“Moralia: II. Consolation of Grief” by Plutarch

The Stream of Time

What is there cruel or so very distressing in being dead? For what wonder if the separable be separated, if the combustible be consumed, and the corruptible be corrupted? For at what time is death not existent in our very selves? As Heracleitus says: “Living and dead are potentially the same thing, and so too waking and sleeping, and young and old; for the latter revert to the former, and the former in turn to the latter.” For as one is able from the same clay to model figures of living things and to obliterate them, and alternately to repeat these operations without ceasing, so Nature, using the same material, a long time ago raised up our forefathers, and then ourselves, and later will create others in a never-ending cycle; and the stream of generation, thus flowing onward perpetually, will never stop, and so likewise its counterpart, flowing in the opposite direction — which is the stream of destruction, whether it be designated by the poets as Acheron or as Cocytus.

Life is a Debt to Destiny

It is said that life is a debt to destiny, the idea being that the loan which our forefathers contracted is to be repaid by us. This debt we ought to discharge cheerfully and without bemoaning whenever the lender asks for payment; for in this way we should show ourselves to be most honourable men.

We keep and care for that which is the gods’,
And when they will they take it back again.

We ought not to bear it with bad grace if the gods make demand upon us for what they have loaned us for a short time. For even the bankers, when demand is made upon them for the return of deposits, do not chafe at the repayment, if they be honourable men. Quite parallel is the lot of all mortals. For we hold our life, as it were, on deposit from the gods, who have compelled us to accept the account, and there is no fixed time for its return. (cf. The Parable of the Talents in Matthew 25)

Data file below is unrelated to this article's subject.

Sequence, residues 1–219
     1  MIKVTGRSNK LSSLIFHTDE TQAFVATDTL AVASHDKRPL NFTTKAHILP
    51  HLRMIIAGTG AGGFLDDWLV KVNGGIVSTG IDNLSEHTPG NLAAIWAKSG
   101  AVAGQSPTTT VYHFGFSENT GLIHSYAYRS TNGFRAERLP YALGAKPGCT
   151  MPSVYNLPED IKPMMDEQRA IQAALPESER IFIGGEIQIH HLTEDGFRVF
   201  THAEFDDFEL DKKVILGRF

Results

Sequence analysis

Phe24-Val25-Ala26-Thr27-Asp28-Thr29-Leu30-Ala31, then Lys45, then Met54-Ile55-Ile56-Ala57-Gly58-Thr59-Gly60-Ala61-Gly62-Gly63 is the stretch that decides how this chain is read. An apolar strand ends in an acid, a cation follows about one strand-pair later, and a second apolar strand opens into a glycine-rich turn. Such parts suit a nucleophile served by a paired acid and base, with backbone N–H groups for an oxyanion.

The Nature of Mourning

But do those who mourn for the dead, mourn on their own account or on account of the departed? If on their own account, because they have been cut off from some gratification or profit or comfort in old age, which they might have expected from the dead, then is their excuse for grieving wholly selfish; for it will be plain that they mourn, not for them, but for their services. But if they mourn on account of the dead, then if they will fix their attention on the fact that the dead are in no evil state, they will rid themselves of grief.

Hear this story: At the time Zeus was distributing to the deities their honours, he gave Mourning that honour which is paid in the case of those who have died — tears and griefs. Just as the other deities, therefore, are fond of those by whom they are honoured, so also is Mourning. Therefore, if you treat her with disrespect, she will not come near you; but if she is constantly honoured by you with the honours which were conceded to her, namely griefs and lamentations, she will love you and affectionately will be ever with you.

Wherefore men of good sense ought not to be carried away by sorrow beyond the natural and moderate limit of grief, which so affects the soul, into useless and barbarian mourning, the result of which is that they terminate their own lives in misery. “While they were weeping and wailing black darkness descended upon them.”

But affection and love for the departed does not consist in distressing ourselves, but in benefiting the beloved one; and a benefit for those who have been taken away is the honour paid to them through keeping their memory green. For no good man, after he is dead, is deserving of lamentations, but of hymns and songs of joy; not of mourning, but of an honourable memory. As Cicero writes in Philippics, “The life of the dead is set in the memory of the living.”


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